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Poor charged £1,300 a year more by firms
by James Lyons, Daily Mirror 11/01/2011
POOR families are being charged almost £1,300 a year more for basic goods and services, a report reveals today.
Power bills are nearly 30% higher because the less well-off tend to use prepayment meters instead of direct debit.
They pay up to three times the real price for items such as cookers by getting them on hire purchase. And insurance is also dearer as they live in high-crime areas, Save the Child*ren found.
Financial expert Martin Lewis, who helped compile the study, said: "It is ridiculous but true it costs more to be poor."
He runs the website but said needy people often lacked the access to the web, bank accounts and credit facilities to take proper advantage of his financial tips.
Save The Children's Sally Copley said households on less than £12,700 a year were having their health jeopardised by being charged more for essentials such as heating.
She said: "There is a clear link between living in cold, damp conditions for long periods and children's health being put at risk.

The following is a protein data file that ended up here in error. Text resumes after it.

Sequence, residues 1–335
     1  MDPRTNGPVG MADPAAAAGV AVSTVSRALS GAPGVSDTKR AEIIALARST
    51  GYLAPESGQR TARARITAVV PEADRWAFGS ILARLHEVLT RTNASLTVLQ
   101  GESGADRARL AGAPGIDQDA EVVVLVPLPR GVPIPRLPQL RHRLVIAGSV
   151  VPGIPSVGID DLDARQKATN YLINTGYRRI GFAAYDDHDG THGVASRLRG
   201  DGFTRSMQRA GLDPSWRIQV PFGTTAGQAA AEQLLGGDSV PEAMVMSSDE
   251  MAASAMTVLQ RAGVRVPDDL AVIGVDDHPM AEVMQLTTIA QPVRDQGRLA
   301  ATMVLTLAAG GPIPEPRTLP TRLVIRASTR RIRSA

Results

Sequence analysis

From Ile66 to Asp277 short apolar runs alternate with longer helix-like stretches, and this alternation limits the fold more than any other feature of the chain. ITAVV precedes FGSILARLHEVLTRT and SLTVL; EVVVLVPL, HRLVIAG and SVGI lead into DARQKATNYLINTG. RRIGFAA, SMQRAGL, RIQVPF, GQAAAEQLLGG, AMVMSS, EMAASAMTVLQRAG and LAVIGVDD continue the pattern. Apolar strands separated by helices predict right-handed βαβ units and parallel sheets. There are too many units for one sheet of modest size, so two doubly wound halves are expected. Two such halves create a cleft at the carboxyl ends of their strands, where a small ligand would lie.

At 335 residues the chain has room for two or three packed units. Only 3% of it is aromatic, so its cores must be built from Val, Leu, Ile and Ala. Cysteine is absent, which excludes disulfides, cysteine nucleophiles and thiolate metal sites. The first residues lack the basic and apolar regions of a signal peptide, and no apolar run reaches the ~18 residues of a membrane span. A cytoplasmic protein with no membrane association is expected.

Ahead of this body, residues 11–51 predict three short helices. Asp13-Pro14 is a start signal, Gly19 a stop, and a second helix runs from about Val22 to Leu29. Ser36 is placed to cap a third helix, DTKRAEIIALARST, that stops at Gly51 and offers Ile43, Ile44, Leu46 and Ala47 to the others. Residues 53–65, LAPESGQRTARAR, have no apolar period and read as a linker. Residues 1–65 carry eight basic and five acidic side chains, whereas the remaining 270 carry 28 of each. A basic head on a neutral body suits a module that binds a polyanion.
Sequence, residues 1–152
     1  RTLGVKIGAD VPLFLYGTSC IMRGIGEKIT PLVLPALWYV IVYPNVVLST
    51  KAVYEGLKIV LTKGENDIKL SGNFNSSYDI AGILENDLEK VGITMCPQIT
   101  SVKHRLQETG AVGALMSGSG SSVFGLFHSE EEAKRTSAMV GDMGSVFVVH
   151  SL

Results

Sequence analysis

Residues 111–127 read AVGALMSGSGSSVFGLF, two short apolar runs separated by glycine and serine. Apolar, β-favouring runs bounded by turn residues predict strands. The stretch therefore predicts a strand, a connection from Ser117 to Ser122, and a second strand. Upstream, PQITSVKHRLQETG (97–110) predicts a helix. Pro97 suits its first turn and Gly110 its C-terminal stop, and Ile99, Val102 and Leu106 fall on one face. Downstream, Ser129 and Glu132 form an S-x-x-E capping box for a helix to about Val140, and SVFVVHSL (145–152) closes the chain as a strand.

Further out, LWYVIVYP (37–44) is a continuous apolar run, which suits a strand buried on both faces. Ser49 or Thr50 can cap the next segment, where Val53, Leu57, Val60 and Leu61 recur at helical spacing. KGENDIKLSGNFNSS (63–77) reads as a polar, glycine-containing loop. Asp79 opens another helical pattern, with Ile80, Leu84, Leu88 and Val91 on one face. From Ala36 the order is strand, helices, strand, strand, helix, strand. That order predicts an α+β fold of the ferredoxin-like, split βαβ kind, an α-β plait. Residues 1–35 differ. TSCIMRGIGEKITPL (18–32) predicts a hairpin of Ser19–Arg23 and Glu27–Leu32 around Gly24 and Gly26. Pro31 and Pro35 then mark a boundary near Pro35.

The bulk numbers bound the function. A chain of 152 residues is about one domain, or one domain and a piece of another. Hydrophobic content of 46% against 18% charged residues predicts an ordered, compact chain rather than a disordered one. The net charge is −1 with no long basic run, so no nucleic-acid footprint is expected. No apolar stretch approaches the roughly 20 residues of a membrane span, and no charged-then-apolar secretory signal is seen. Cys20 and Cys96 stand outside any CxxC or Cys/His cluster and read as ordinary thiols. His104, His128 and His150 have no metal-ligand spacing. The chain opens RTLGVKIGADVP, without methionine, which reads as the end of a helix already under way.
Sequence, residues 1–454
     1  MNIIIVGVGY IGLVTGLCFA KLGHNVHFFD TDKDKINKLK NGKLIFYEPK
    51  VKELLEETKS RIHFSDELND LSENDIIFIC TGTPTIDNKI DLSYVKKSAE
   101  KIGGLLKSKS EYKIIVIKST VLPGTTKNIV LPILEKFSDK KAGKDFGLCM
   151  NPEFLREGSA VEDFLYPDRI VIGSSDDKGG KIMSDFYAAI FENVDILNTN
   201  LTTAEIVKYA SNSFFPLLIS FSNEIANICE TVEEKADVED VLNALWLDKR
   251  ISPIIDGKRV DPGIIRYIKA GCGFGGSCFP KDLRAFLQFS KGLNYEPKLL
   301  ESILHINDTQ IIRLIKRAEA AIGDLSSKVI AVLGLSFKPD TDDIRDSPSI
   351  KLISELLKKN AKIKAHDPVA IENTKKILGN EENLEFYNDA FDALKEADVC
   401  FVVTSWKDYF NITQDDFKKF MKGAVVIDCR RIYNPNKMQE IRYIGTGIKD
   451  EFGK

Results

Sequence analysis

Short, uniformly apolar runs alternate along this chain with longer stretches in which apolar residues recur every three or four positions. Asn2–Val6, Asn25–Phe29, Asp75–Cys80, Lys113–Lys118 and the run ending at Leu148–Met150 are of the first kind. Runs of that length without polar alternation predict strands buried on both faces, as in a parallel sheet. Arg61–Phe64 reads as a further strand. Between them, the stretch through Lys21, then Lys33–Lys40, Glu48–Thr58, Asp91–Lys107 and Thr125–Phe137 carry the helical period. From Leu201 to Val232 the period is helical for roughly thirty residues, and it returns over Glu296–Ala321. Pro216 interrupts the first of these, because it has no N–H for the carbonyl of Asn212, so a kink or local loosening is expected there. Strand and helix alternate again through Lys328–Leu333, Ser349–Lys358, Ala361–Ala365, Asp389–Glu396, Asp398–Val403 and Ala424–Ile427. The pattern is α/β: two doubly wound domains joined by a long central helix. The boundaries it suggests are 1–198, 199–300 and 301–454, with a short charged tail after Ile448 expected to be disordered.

"We believe the poverty premium is totally unfair and is ripping off low-income families already struggling to make ends meet." The charity's report, The UK Poverty Rip-Off, revealed that almost 700,000 low-income households do not have bank accounts.
It means they can pay a £12 fee to cash a £200 cheque with a specialist high street firm which Save The Children estimates they do around three times a year.
Hard-up homes are often forced into debt because benefits are too low, the charity claims. It says two parents and two children need £402 a week but receive only £235. However, extortionate rates charged by doorstep lenders mean a £500 loan can cost up to £750.
The average low-income household will pay £99 a year for home insurance, 48% higher than for other income groups. Their car insurance premiums are typically around £598 almost double the £310 for the typical motorist.
And paying up-front for electricity and gas means typical annual bills of £1,134, compared with £881 for others.
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